by Domenick Salvatore, CSCS, CPT
Editor's Note: You needn't be a triathlete to realize the benefits of exercise. Studies suggest that just a few hours of moderate aerobic exercise per week may lower the risk of developing breast cancer, reduce the likelihood of recurrence and improve survival.
With a Ph.D. in Health Education, Dr. Leslie Spencer is focused and passionate about health and fitness. Before she began training with me, her exercise regimen consisted mostly of aerobics, so our work together began with learning proper resistance training techniques. Not long after we began working together, however, she received devastating diagnoses: both breast and ovarian cancer. Most women would have stopped training altogether to focus on surgeries, chemotherapy and radiation, but Leslie did not panic. She continued to train as much as possible, focusing more on range of motion than resistance. I believe that helped her to become better prepared physically and emotionally for the challenges of cancer treatment.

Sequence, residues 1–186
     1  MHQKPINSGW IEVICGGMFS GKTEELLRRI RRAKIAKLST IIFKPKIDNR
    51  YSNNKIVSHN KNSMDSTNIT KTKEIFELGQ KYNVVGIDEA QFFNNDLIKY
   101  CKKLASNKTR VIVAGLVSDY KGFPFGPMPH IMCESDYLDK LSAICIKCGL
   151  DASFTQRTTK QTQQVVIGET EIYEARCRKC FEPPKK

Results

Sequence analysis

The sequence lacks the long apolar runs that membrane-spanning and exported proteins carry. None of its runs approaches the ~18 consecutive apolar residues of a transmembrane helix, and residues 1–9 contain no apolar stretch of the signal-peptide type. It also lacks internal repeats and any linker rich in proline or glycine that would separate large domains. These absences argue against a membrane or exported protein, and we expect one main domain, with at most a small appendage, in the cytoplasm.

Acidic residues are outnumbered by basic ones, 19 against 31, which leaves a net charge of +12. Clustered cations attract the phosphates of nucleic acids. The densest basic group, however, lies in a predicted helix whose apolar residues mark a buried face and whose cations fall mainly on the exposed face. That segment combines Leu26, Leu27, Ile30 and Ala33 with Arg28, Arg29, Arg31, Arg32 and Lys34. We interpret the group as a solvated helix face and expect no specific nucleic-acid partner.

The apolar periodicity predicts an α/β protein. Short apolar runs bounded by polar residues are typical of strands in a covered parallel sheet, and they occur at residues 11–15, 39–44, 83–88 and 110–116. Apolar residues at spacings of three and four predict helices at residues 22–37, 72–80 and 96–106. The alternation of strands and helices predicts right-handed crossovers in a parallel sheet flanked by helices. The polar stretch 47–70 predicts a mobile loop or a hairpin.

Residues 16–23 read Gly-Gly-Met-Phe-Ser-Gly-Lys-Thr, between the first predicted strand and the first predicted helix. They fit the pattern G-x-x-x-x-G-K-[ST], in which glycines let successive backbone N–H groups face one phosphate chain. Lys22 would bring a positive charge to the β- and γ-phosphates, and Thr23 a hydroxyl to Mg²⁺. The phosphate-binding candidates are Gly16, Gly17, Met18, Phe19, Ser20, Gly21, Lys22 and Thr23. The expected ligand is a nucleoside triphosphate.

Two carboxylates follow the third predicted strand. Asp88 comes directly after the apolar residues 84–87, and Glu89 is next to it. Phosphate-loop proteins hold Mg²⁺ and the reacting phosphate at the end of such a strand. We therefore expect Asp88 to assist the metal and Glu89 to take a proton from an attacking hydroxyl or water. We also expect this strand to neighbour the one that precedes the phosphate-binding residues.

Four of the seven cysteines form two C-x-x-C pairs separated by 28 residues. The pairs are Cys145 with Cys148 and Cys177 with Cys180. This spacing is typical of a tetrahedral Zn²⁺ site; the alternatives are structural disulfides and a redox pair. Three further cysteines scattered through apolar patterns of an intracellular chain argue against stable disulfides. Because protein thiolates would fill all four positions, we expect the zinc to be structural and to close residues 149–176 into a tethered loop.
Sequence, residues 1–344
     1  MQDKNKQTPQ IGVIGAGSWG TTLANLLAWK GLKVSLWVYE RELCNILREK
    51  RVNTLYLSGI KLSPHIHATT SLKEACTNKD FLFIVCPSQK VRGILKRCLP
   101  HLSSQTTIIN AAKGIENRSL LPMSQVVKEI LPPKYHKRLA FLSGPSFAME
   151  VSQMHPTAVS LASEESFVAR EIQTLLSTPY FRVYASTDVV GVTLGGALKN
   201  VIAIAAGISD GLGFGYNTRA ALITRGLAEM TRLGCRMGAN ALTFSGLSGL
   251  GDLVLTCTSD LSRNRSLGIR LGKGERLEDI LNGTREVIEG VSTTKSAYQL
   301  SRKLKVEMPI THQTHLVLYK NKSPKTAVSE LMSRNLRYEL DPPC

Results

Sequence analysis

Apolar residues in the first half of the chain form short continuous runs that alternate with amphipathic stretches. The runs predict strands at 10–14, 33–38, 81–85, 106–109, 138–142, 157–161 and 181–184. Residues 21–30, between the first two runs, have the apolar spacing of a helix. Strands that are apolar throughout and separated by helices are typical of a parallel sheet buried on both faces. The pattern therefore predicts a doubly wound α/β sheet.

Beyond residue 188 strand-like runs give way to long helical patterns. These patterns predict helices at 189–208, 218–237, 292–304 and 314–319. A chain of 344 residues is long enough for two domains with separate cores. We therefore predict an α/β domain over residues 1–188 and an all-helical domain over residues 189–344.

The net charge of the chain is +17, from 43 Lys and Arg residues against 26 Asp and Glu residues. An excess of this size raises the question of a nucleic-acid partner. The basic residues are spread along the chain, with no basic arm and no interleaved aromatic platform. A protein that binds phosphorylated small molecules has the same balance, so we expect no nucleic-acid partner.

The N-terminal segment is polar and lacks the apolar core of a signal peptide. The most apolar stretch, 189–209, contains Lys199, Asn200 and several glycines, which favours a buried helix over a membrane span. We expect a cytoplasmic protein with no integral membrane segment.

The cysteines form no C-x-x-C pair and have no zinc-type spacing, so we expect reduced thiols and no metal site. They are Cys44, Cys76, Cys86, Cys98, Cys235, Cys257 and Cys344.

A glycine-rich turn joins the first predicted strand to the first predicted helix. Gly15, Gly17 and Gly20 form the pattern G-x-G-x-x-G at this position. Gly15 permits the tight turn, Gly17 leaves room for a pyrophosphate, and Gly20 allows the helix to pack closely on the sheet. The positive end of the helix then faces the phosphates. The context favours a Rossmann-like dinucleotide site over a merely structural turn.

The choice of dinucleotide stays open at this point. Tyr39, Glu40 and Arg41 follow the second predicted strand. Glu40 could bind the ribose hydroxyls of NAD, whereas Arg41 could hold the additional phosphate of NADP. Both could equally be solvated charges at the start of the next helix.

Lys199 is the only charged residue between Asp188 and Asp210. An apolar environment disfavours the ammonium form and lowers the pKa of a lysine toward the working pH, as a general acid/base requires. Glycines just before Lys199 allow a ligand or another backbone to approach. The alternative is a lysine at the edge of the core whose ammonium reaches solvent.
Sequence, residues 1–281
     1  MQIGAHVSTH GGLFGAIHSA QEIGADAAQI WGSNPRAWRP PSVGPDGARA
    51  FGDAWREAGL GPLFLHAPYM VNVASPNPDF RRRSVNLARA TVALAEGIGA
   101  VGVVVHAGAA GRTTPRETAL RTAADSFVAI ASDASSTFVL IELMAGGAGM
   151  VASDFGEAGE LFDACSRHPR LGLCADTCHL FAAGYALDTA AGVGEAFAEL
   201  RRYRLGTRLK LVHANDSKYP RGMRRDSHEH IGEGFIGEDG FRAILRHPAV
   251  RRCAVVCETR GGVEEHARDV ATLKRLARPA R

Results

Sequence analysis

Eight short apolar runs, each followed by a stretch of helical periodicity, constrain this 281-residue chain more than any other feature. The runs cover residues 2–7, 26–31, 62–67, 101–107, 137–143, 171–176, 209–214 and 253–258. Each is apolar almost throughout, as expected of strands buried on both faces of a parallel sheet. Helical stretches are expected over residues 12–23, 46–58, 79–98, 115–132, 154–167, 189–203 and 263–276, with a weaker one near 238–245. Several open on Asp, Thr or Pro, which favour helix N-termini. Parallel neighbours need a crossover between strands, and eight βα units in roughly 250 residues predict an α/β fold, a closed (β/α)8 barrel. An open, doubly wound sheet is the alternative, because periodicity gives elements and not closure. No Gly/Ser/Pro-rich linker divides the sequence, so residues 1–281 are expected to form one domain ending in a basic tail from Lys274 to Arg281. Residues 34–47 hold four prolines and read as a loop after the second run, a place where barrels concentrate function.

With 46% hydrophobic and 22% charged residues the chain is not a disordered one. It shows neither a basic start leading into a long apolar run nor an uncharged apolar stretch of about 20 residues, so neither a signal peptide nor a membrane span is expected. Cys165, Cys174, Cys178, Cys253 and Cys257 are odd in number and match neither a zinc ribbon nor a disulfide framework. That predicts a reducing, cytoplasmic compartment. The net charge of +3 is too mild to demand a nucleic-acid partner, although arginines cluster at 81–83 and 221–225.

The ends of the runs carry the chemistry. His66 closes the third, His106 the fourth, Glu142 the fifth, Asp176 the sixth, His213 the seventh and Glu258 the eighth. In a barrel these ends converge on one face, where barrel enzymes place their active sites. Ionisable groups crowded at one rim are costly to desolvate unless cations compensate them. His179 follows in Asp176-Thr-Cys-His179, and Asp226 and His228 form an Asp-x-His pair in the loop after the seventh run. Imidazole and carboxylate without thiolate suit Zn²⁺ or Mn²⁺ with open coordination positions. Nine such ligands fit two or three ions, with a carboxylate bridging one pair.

When Leslie completed treatment, she began working with increasingly heavy resistance, something that traditionally was thought to cause lymphedema. New research by Dr. Kathryn Schmitz at the University of Pennsylvania is now proving this to be incorrect: a controlled program of graduallyincreasing strength training, in fact, improves lymphedema. In August 2010 Leslie competed in a professional figure competition; it was her way of flexing her muscles and saying, "Take that cancer!" She looked and felt amazing: an unbelievable testament to the power of the human spirit.
Exercise empowered Leslie to fight cancer head-on. Amazingly, she is healthier today than she was before her diagnosis. Never forget the power of lacing up your sneakers, putting on your sweatpants and breaking a sweat.